Maybe it's a sign of old age for me, maybe it's reflection on current music, but I've seen very few gigs of late (last 6 - 8 months) as nothing's grabbed my attention. And that's where I live. It takes a band from my youth to get me excited again, want to go to a gig again, even travel down to london. And the band at the moment is Anthrax. The new album is a bit of ok, nestling in nicely with the new Voivod. Time to see what the old timers can do live.
The place is heaving when I get in, just as Breed 77 finish (as I said, a lot of the current music just does nothing for me whatsoever, a few years ago I thought Breed had potential, tonight, the song and a half I hear just does nothing. They're not as important they're not as current as Anthrax, even though they're more current than Anthrax. You know what I mean) and I've bumped into Mr Pike as I walk through the door - go all the way to London and the first person you see is someone you know, can be strange. As the gear is changed over, you get a little tinge of excitement. Like the old days. Ah.
Finally they come on and start up, the old Blues Brothers intro, ah, I've missed it, and then they hit the stage, all clad in black shirts with a pentagram like from the album cover, with their name and a number on the back - the cynic may say that the uniformity of the image has a touch of the modern band about it (saying no names), but luckily there's no cynic at home today. All that dies, and then Black Dhalia, with it's blast beat and Paul Nocte like vocal contribution from Scott Ian fire things up, and then it's time for old classics. Got The Time, Caught in a Mosh, ah, banging metal, fun with a message. It's a shame that the new guy on guitar doesn't go for the old Spitz solos (maybe he can't do them, maybe the band just don't want to do them), they sound a little different, a little slower it feels and the chug isn't quite the chug it was, modernized and updated perhaps. Safe Home is showing some class, Frank Bello demostrating a fair pair of lungs providing backup vocals, ah, Bello, one of the those old bass heroes of mine. Playing bass and enjoying himself like it should be done, careering round the stage, having fun, always pushing the crowd a little more, and not prepared to play second fiddle to those guitarist people. There's not enough Frank Bellos playing bass these days.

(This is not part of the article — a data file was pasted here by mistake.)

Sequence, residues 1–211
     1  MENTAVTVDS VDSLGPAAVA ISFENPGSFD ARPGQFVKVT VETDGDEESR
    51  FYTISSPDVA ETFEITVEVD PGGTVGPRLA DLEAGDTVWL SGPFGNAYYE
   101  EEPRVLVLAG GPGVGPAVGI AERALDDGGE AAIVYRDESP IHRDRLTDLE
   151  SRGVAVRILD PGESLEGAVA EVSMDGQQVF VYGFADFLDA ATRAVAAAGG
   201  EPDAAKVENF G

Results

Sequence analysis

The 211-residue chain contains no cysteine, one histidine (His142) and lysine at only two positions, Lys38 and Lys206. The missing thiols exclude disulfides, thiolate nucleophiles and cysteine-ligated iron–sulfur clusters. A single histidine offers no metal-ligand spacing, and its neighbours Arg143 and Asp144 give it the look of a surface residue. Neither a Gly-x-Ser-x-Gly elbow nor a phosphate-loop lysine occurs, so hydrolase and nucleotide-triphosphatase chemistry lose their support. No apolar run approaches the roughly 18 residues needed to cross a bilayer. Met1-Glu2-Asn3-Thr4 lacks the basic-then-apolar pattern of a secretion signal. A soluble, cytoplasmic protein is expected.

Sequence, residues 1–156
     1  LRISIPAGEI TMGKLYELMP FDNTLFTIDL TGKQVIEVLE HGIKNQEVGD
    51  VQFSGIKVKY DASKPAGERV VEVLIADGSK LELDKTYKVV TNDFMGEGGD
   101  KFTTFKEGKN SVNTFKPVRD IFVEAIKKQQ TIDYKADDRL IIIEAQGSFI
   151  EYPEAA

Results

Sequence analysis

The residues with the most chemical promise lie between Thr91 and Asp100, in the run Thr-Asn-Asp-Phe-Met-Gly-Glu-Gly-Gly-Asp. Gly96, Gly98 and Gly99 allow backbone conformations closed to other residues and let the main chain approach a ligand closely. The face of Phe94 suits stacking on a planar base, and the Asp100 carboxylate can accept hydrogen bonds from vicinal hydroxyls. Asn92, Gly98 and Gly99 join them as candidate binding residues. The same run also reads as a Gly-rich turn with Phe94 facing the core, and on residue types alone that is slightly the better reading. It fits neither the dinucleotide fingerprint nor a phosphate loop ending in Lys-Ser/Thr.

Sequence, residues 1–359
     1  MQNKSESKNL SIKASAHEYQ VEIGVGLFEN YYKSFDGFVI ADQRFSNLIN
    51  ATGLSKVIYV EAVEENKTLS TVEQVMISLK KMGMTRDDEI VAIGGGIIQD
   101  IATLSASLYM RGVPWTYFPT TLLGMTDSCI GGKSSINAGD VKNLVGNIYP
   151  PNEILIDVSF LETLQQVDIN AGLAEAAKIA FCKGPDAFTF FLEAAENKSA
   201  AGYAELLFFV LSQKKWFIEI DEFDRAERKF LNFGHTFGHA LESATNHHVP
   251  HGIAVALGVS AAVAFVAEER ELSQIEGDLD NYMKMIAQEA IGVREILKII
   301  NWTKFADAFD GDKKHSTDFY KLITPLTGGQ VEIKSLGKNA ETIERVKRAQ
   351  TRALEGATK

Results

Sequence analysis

In My World, it's a few weeks since the gig as I write this, did they play NFL, I think they did, hard to remember, Madhouse, Only (SOWN should have been their Black album, cos, well, it was better than the black album), Black Lodge, I'm The Law. You could say all the classics were there but it would be a lie. They have so many classics they were never going to play them all, so I can pick holes in the set - no Potters Field, 1000 points of hate, gung ho, Medusa, AIR, Indians, Among The Living etc etc. Bush has a few technical problems during the set with microphones, and looks to be loosing it at one point, a look of disgust on his voice as the mike doesn't work again. He gives a speech about them just being a band, and that bands don't know much about politics what with all the current climate. There's mention of it being 20 years for the band now, 20 years, sheesh, and how they've been away 5 years (and they were missed, at least by me). Scott Ian gives talk about 20 years as well, likens this to their first London gig, goes on about the first album "when Michael Jackson was still black, Halford was still in the closet - not that there's anything wrong with that, and I still had a fucking perm, do you remember the cover for the first album, that fist of metal" and it's Metal Thrashing Mad. Acknowledging that they were doing the rap metal thing before it was really dragged through the gutter, we get I'm the Man fitted in with Bring Da Noize, and all in all it's a great gig. It probably could've been better, but only because they're a quality band that have a legacy and realistically, they're not going to be able to do everything in the 90mins. Ah, but thems the days. We need more of them again.